Does an amputation define you?

My amputation is certainly a part of who I am, although I can honestly say that it has never defined me. Am I disabled? Sure I am but that has never stopped me from doing anything I wanted to do in life. As a matter of fact, up until I got involved with Osseo a few years back; I never even considered myself an amputee. It just wasn’t something I focused on or even had any dealings with unless it involved an occasional appointment with a prosthetist over the years.

I know there are a lot of amputees out there that don’t consider themselves disabled but the fact is we are. We have a physical impairment and that simple fact defines us as disabled. Although that certainly doesn’t mean we are some sort of invalids. It simply means we have to find different ways of doing the things we want to engage in; as there are a lot of amputees who enjoy a variety of activities.

Personally, you would never find me engaging in any type of activity that involved running or jumping, even if I could. I left that in my teenage years and I am fine with that; as I can’t stand sports unless it involves boxing or mma. Sports in general, simply bores the hell out of me and I can care less who the players are. These days I’m content simply chilling with a Cuban in one hand and a Jack on ice in the other but to each his or her own. In the end it’s whatever makes one happy.

There are a few things I just can’t wrap my mind around since finding myself involved with the amputee community though. One of which involves this whole, hey look at me I am an amputee mentality. Awareness and acceptance has come a long ways since I became an amputee in 1985; which is a good thing. As there is no need for people to hide the fact that their missing a limb but I really don’t see any need for people to be so obtrusive about it. Whenever I see those t-shirts that say something like, “what are you looking at you two legged freak” or something similar; I literally cringe. That kind of mentality is certainly something I don’t wish to align myself with. Why can’t people just be content with who they are? There really isn’t a need to push it in everyone’s face. Show off the leg/arm or don’t show it off but it shouldn’t be some kind of statement. Just be who you are and enjoy life as it is.

This one goes out to my amputee brothers who constantly complain about how they can’t find a girl now that they are an amputee. Seriously fellas, grow a pair and take some responsibility instead of putting if off on a woman by saying their shallow or something. If you were really honest with yourselves, you would realize there are a lot of women you wouldn’t date for purely physical reasons as well; no matter how cool they were or what kind of connection you had with them. Just because a woman isn’t attracted to a man with a missing limb, doesn’t mean there is anything wrong with them; it simply means it isn’t their thing. Get over it and man up already. As there are plenty of women out there but not every one of them would be attracted to you even if you had a leg. Chill out and be yourself, the right one will come along one day.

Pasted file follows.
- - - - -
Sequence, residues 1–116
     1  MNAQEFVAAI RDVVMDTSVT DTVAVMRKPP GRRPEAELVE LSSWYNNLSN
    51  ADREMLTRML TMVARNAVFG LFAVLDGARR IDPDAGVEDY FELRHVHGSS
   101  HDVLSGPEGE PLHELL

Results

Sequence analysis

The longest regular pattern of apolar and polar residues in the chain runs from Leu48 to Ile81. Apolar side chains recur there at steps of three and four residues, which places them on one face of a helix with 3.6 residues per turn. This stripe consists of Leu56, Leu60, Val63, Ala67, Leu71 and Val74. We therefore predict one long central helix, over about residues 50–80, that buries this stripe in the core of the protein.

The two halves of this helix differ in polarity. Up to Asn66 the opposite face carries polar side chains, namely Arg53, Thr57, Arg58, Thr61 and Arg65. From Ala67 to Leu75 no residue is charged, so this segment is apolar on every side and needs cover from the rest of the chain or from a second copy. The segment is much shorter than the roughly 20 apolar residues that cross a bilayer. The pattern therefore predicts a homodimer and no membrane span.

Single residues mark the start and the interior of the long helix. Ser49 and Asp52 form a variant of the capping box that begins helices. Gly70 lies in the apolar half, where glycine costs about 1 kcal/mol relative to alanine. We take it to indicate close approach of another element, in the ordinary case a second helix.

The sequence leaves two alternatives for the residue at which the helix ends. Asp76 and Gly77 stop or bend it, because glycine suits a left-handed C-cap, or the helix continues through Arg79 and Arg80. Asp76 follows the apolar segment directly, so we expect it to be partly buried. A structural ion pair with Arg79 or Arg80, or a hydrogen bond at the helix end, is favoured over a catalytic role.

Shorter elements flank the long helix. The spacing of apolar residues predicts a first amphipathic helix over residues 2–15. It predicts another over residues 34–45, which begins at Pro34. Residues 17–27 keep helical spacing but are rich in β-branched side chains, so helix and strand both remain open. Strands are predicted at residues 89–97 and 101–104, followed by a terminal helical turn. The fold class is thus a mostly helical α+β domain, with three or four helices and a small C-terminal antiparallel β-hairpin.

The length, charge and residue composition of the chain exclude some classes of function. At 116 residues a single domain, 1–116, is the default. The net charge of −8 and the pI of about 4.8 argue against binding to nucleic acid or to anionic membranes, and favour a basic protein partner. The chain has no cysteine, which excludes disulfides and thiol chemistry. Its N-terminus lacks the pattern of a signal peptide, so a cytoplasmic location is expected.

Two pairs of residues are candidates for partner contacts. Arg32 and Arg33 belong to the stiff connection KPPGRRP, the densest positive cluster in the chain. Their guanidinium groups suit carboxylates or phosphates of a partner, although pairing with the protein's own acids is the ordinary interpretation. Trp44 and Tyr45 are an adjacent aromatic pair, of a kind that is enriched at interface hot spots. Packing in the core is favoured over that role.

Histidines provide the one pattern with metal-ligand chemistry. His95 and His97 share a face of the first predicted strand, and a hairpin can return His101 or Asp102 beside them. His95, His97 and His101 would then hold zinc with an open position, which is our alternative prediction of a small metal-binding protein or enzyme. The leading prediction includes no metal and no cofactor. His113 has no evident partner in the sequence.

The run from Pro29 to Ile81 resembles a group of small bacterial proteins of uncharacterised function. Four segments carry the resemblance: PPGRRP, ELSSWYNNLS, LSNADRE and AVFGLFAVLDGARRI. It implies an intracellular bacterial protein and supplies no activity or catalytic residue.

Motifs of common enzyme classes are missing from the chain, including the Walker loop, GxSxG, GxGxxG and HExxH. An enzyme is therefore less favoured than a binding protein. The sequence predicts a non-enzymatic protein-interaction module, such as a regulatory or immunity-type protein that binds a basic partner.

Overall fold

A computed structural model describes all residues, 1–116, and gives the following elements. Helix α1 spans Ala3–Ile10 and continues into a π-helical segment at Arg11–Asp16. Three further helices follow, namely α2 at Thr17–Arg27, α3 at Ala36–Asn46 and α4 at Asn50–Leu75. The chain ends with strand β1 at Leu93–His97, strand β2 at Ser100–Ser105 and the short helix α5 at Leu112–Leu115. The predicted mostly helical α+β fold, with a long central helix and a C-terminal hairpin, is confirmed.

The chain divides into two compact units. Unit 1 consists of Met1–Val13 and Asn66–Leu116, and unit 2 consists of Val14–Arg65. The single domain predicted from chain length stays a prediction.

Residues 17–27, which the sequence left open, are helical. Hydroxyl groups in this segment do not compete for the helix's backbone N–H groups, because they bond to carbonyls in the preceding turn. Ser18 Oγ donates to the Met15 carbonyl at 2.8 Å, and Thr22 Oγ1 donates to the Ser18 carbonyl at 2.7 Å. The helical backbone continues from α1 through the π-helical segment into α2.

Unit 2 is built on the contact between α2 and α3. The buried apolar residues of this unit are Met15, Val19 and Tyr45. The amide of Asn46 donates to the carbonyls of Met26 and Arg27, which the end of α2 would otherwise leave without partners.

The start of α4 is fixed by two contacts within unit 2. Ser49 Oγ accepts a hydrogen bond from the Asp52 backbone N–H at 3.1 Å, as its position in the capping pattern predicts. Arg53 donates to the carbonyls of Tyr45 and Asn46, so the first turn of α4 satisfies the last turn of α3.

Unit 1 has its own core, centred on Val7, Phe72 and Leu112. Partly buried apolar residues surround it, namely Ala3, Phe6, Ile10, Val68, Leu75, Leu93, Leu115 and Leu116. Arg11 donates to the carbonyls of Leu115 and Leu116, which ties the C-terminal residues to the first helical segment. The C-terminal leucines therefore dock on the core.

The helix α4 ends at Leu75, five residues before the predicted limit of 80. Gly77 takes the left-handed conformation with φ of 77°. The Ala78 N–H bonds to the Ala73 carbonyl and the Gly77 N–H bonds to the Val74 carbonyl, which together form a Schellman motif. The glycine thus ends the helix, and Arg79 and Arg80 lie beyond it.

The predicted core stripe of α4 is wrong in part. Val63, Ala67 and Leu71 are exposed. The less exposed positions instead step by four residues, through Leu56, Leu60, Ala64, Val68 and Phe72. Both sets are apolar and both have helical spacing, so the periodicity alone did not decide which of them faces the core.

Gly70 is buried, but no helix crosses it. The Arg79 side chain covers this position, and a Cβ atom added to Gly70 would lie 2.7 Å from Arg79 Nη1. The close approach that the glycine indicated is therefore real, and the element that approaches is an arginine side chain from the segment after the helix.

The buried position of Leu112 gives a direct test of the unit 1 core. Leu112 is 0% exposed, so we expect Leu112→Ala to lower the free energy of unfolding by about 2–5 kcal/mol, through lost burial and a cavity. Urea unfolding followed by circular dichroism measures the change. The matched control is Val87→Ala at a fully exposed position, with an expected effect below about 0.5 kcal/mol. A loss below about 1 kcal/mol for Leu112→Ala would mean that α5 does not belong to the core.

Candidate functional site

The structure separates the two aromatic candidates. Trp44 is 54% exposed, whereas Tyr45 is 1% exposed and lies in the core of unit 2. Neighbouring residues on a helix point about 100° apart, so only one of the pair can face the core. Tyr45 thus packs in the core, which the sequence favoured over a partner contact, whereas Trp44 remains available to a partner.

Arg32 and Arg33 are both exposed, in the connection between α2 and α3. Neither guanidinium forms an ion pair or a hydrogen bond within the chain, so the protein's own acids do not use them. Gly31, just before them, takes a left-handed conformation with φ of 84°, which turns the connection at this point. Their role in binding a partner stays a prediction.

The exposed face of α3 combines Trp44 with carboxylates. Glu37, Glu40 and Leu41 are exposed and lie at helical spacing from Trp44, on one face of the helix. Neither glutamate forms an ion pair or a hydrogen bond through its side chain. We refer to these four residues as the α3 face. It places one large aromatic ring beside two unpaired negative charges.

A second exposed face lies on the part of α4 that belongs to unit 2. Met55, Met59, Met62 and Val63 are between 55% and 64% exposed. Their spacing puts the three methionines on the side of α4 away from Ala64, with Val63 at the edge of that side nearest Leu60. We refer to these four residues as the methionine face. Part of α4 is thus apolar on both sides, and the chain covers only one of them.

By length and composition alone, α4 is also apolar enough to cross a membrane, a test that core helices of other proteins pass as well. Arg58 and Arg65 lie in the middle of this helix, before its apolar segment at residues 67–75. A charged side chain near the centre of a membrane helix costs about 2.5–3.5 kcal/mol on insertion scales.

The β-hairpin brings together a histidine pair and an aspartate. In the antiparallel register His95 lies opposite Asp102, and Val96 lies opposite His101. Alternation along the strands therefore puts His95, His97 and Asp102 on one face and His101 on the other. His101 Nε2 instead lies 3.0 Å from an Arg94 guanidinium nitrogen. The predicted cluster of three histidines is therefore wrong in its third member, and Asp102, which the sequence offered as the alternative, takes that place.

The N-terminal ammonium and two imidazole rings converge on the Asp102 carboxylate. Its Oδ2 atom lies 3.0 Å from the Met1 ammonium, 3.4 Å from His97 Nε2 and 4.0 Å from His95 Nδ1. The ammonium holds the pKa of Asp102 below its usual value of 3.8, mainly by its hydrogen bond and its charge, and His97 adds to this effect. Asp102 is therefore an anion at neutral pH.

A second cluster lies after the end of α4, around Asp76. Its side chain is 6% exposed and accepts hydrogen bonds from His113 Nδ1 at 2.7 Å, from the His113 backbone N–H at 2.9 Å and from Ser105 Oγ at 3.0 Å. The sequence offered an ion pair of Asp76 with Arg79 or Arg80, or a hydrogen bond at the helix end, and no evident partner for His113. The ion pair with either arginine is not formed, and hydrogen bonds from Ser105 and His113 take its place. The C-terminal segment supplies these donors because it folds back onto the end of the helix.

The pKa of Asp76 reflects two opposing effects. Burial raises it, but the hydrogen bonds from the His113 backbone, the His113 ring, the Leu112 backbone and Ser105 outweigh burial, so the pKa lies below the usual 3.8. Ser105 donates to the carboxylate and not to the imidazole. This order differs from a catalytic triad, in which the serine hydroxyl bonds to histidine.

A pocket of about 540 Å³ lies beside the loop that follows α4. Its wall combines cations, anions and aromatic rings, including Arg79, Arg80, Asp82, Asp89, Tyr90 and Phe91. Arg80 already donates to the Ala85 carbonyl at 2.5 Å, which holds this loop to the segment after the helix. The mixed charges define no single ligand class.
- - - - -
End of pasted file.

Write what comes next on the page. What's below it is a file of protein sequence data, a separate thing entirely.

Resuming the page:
Maybe it’s just me but I take at least some issue with non amputee’s advocating on my behalf or the fact that amputee athletes are what is presented to the general public the majority of the time. I have been an amputee for just over thirty years now and I can tell you, the last thing I want representing me as an amputee is a non amputee or athletics in general. We are all diverse individuals and being put in a box just doesn’t sit well with my personality but those are my issues to either ultimately accept or not.

There are different stages one undergoes with being an amputee but there is also a time for growth. Are you defining yourself by your amputation, or is it simply a part of who you are?

Comments (5)

  1. Amatullah

    I don’t define myself by just my amputation, just like I don’t define myself as being just a woman. An amputee is just a minuscule part of who I happen to be and I certainly do not let others define me as just an amputee. I am a tough scrappy kick ass individual who just happens to be a female amputee ?

  2. David Dobinson

    Good piece written on this Fred. I used to compete in many amputee golf tornaments all over the world I never felt the need to wear shorts to reveal I had prosthesis on. I had nothing to hide but nothing to show off either. I wore pants on the golf course because I never wore shorts golfing before my accident…why start now? As for the star athlete amputee that rep for the different manufactureres. Find real jobs. These super amps don’ paint a true picture for any average person in our community. They illistrate what the jocks can do. Period. Thanks for this article. It hits home for me. David Dobinson

  3. Maggie

    Well said. I’ve been an amputee over 40yrs . I thought I was just getting a bit crotchety. It seems that if you’re an amputee you need to do a mega challenge, prove your disability is not disabling, and be inspirational. As you say, it’s a bit of an in your face approach. Yes it’s tough adjusting to losing a body part. Everyone has to go through this. Thankfully today there is more support. But can we just get on with being who we are.

  4. Molly

    What a nice refreshing read! Thank you for writing that. A lot of what you said mirrored my own thoughts. I have been an amputee since I was 6 months old, therefore, my amputation has never had the chance to define me. It is simply a part of who I am.

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